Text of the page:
A simple tool that probably worked well enough in the field (or not at all). :angry::lol:

Thanks for looking.

Cheers :cheers:

Brian

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  • 3 months later...

This is a very nice picture, is it a post card type photo? Thank you for sharing it with us, I love the armor history.

Lorenzo

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This is a very nice picture, is it a post card type photo? Thank you for sharing it with us, I love the armor history.

Lorenzo

Yes, it's a postcard. I think it is common one as others are available on ebay quite often.

Cheers :cheers:

Brian

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Yes, it's a postcard. I think it is common one as others are available on ebay quite often.

Cheers :cheers:

Brian

Well its very nice for a collection display, do you have any more like this post card?

Thank you for sharing

Lorenzo

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Well its very nice for a collection display, do you have any more like this post card?

Thank you for sharing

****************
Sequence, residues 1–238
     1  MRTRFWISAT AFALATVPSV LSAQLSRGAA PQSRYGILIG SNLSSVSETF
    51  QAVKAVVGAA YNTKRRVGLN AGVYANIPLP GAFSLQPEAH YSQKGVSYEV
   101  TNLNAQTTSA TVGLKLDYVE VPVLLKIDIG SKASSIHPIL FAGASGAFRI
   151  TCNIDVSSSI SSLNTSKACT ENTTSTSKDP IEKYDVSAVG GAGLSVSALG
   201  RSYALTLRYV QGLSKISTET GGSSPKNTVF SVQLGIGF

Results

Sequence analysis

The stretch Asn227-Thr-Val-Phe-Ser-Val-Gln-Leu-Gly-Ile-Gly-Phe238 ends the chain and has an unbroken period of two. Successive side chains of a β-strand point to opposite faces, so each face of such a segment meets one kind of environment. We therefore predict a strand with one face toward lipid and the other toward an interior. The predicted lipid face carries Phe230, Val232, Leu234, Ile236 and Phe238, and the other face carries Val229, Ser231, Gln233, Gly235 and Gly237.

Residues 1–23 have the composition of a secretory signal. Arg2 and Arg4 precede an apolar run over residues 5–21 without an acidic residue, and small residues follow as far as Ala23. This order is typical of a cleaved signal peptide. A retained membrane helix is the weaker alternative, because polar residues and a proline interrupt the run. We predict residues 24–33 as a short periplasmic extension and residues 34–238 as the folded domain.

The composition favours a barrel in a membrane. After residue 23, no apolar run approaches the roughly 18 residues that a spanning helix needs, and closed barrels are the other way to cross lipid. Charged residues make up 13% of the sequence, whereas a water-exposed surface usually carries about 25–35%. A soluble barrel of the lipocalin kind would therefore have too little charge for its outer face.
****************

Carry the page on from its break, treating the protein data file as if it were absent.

Lorenzo

Hello Lorenzo,

I do have a few more picture in my collection. I am working on a history about my wife's uncle who was killed just after D-day while driving a carrier. I have been trying to make my posts a bit more interesting by adding history with the post. The story of my wife's uncle is still a work in progress and I'll post it when it is finished. Here's the "interesting" part of the post. We have a battle field find of a Universal Carrier track that was found in the actual area where he was killed! A letter from his CO stated his carrier took a direct hit. Whether this was from a tank or not there is no way of telling and whether the track section we have was from his carrier or not is also unknown.

Cheers

Brian

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Hello Lorenzo,

I do have a few more picture in my collection. I am working on a history about my wife's uncle who was killed just after D-day while driving a carrier. I have been trying to make my posts a bit more interesting by adding history with the post. The story of my wife's uncle is still a work in progress and I'll post it when it is finished. Here's the "interesting" part of the post. We have a battle field find of a Universal Carrier track that was found in the actual area where he was killed! A letter from his CO stated his carrier took a direct hit. Whether this was from a tank or not there is no way of telling and whether the track section we have was from his carrier or not is also unknown.